|Kimon Georgiev Stoyanov
Кимон Георгиев Стоянов
|24th Prime Minister of Bulgaria|
19 May 1934 – 22 January 1935
|Preceded by||Nikola Mushanov|
|Succeeded by||Pencho Zlatev|
9 September 1944 – 22 November 1946
|Monarch||Simeon II (1944-1946)|
|President||Vasil Kolarov (1946)|
|Preceded by||Konstantin Muraviev|
|Succeeded by||Georgi Dimitrov|
11 August 1882|
Pazardzhik, Eastern Rumelia (today Bulgaria)
|Died||28 September 1969
|Political party||People's Alliance, Democratic Alliance, Zveno, Fatherland Front|
|Children||Maria Ganeva (spouse in Guinio Ganev)|
|Years of service||1902–1935|
Kimon Georgiev Stoyanov (Bulgarian: Кимон Георгиев Стоянов) (August 11, 1882 – September 28, 1969) was a Bulgarian general who was Prime Minister of Bulgaria from 1934 to 1935 and again from 1944 to 1946.
Life and career
Born in Pazardzhik, Georgiev graduated from the Sofia military academy in 1902. He participated in the Balkan Wars as a company commander and in the First World War as a commander of a battalion. In 1916 he lost an eye due to injuries received in action. He left the army in 1920 with the rank of lieutenant colonel.
Georgiev was one of the founders of the Military Union in 1919 and the People's Alliance in 1922. He participated in the organization of the 1923 coup d'état and after that became one of the leaders of the Democratic Alliance. He was the minister for railways, postal service and telegraphs in the first cabinet of Andrey Lyapchev.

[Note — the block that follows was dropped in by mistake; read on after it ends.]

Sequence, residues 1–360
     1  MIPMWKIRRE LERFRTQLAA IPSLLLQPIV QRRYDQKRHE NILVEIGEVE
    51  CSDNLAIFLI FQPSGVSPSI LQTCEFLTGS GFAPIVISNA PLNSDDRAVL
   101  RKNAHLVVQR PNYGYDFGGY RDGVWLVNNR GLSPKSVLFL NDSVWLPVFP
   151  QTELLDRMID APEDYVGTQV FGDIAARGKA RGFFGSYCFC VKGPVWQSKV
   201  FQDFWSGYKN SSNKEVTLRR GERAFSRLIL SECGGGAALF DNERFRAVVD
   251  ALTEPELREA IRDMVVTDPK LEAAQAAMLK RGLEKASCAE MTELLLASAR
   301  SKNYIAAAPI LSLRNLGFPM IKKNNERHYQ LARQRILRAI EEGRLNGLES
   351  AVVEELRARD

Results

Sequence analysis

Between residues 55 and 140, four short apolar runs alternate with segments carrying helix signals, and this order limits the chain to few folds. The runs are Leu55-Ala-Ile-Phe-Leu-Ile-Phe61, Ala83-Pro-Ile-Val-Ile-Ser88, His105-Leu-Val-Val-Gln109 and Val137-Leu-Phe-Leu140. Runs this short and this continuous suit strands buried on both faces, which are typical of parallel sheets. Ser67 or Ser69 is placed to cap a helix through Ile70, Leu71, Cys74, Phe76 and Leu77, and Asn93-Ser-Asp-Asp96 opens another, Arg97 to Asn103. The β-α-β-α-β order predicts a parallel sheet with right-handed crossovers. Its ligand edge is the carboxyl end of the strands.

In the 1930s he became one of the leaders of the right-wing military Zveno ('Link') movement. Together with fellow officers he committed a coup d'état in May 1934 and became prime minister. He was also justice minister and for a short time minister of war and foreign affairs. He abolished all political parties and trade unions. Influenced by the Italian dictator Benito Mussolini he introduced a corporative economic system (corporatism). In 1935 Tsar Boris III forced him to resign. During World War II, when Bulgaria was fighting on the side of the Axis, he grew close to the left wing forces in Bulgaria and in 1943 he joined the anti-Axis Fatherland Front (FF) as one of its leaders. In September 1944 the FF committed a coup d'état and Georgiev became again prime minister. In 1946 he was succeeded by the communist leader Georgi Dimitrov and became vice-premier and Foreign Minister. Though Zveno was disbanded in 1949, Georgiev continued holding ministerial posts in all the cabinets until 1962. From 1962 until his death in 1969 he was a member of the Parliament's presidium. Georgiev was twice awarded the title Hero of Socialist Labour.
He is known as stariya prevratadzhiya (стария превратаджия) (in English, the old coup-maker) in Bulgaria for having organised three coups: 1923, 1934 and 1944.
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